Demosthenes's 2d Philippic.

The expence of this Board, I am informed, is between Four and Five Thousand Pounds sterling a year. The establishment of officers, for collecting the revenue in America, a­mounted before to Seven Thousand Six Hundred Pounds per annum; and yet, says the author of "The regulation of the colonies," "the whole remittance from all the taxes in the colonies, at an average of thirty years, has not amounted to One Thousand Nine Hun­dred Pounds a year, and in that sum Seven or Eight Hundred Pounds per annum only, have been remitted from North-America.

The smallness of the revenue arising from the duties in America, demonstrates;that they were intended only as regulations of trade: And can any person be so blind to truth, so dull of apprehension in a matter of unspeakable importance to his country, as to imagine, that the Board of Commissioners lately established at such a charge, is instituted to assist in collecting One Thousand Nine Hundred Pounds a year, or the trifling duties imposed by the the late act? Surely every man on this continent must perceive, that they are established for the care of a new system of revenue, which is but now begun.

"Dira caelaeno, "&c. Virgil, AEneid 3.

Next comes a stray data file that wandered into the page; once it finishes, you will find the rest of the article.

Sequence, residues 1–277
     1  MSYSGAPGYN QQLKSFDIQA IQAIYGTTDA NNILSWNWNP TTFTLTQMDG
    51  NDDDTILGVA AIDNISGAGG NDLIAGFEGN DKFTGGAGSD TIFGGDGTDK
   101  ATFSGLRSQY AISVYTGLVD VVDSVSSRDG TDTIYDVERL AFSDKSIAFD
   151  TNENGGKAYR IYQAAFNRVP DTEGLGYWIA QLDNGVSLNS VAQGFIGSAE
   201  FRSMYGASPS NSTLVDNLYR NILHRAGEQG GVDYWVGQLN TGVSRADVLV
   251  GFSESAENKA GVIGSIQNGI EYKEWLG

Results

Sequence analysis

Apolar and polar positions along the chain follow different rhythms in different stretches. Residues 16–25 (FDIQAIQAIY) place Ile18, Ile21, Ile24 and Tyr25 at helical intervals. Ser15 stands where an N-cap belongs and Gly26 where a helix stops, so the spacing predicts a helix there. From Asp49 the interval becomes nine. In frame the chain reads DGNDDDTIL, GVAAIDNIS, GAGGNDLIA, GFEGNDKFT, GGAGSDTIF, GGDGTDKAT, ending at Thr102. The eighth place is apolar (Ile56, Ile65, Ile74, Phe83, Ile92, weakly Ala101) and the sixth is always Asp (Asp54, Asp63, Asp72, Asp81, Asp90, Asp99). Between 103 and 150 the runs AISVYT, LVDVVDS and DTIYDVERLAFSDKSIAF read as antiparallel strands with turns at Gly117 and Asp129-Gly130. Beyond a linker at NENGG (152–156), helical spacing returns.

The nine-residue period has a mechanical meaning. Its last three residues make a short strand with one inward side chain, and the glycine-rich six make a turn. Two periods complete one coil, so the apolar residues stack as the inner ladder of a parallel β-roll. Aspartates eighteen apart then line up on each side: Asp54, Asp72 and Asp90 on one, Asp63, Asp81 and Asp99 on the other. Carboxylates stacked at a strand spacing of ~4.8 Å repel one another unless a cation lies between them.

It is not intended, by these words, to throw any reflection upon Gentlemen, because they are possessed of offices: For many of them are certainly men of virtue, and lovers of their country. But supposed obligations of gratitude, and honour, may induce them to be silent. Whether these obligations ought to be regarded or not, is not so much to be con­sidered by others, in the judgment they form of these Gentlemen, as whether they think they ought to be regarded. Perhaps, therefore, we shall act in the properest manner to­wards them, if we neither reproach nor imitate them. The persons meant in this letter, are the base spirited wretches, who may endeavour to distinguish themselves, by their fordid zeal in defending and promoting measures, which they know, beyond all question, to be destructive to the just rights and true interests of their country. It is scarcely possible to s;peak of these men with any degree of patience—It is scarcely possible to speak of them with any degree of propriety—For no words can truly describe their guilt and meanness—But every honest bosom, on their being mentioned, will feel what cannot be expressed.